Last Thursday the U.S. Senate voted 50 to 48 to dismantle rules enforcing internet privacy protections, an outcome that is expected to be repeated (and therefore made into law) when the House of Representatives votes this week. The existing rules were created at the end of President Obama’s second term, in October 2016, under former FCC (Federal Communications Commission, the main regulatory agency) chairman Tom Wheeler, and were scheduled to go into effect at the end of 2017.
Under the new rules, operators will not have to ask users’ permission to track their browsing habits, and will be allowed to share and sell data about consumers to retail companies and mobile and web advertising providers. They will also be freed from the mandate to take “reasonable measures” to guard consumer data against hacking, as they would have been required to do under the Wheeler rules.
These regulatory changes, which are almost certain to go through, are in line with the Trump administration’s aggressive anti-regulation approach, as spearheaded by the new chairman of the FCC, Ajit Pai, a Trump appointee. Pai has argued that the existing rules are unfair to operators, which would be regulated while internet companies such as Google and Facebook would not. The new rules would level the playing field. Operators would benefit by monetizing customer data and metadata, deriving revenue directly from selling it to commercial entities.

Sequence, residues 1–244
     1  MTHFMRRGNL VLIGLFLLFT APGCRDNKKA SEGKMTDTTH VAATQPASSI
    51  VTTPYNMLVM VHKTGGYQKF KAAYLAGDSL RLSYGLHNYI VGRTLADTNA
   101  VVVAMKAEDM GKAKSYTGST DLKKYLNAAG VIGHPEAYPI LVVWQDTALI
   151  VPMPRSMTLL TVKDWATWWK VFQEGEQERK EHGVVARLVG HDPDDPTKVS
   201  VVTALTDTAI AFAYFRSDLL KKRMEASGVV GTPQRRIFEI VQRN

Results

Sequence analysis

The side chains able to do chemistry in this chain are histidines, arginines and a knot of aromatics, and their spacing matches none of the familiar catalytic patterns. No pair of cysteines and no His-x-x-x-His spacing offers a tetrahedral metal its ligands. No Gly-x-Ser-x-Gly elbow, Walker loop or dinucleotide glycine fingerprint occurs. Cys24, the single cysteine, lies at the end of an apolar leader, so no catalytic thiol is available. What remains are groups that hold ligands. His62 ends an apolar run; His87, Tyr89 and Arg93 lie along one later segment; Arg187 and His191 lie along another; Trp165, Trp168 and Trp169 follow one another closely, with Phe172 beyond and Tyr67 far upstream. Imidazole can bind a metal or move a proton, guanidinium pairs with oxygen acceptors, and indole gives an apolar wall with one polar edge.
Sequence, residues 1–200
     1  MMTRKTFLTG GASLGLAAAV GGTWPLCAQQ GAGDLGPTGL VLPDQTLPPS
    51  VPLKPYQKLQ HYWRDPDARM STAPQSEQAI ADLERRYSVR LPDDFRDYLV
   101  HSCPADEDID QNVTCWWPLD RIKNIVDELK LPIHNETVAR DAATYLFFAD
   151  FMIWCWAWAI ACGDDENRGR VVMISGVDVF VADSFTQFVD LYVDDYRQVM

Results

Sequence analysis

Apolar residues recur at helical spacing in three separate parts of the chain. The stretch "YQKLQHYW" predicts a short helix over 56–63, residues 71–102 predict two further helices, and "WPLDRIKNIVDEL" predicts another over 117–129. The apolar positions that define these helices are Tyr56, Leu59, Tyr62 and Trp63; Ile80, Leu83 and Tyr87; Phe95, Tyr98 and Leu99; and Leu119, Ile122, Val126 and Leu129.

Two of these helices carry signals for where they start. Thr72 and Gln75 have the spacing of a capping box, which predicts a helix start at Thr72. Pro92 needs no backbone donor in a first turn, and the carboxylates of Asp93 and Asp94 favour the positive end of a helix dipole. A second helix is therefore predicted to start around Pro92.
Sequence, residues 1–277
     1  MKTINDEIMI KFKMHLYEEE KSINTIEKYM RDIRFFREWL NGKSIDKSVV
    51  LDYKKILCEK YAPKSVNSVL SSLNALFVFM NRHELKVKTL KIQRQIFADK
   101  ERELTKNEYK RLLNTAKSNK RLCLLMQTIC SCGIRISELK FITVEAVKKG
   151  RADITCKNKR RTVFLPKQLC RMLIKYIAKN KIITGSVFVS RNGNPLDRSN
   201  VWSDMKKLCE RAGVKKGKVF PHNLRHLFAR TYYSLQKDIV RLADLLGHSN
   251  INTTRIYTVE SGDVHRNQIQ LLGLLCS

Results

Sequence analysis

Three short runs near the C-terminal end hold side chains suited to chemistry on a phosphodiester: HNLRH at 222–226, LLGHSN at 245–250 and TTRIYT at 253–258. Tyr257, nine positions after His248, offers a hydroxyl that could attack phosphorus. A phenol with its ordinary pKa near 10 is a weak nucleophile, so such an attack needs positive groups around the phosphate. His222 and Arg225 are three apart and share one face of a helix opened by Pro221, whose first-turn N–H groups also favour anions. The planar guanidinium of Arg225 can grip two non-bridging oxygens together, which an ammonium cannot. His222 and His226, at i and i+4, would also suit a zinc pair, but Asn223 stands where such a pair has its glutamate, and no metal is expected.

While this will be good news to operators, a note of caution should be sounded. Consumer advocate and privacy groups have decried the new rules, and operators should be aware of the need to balance revenue opportunities and business freedoms with customer satisfaction. It has been shown that customers may not mind having at least some of their data or metadata shared, as long as there is transparency about it. On the other hand, if customers feel that something secretive is going on, they will be much less receptive. Taking the new regulatory climate as carte blanche to disregard customer sensibilities would be a big mistake.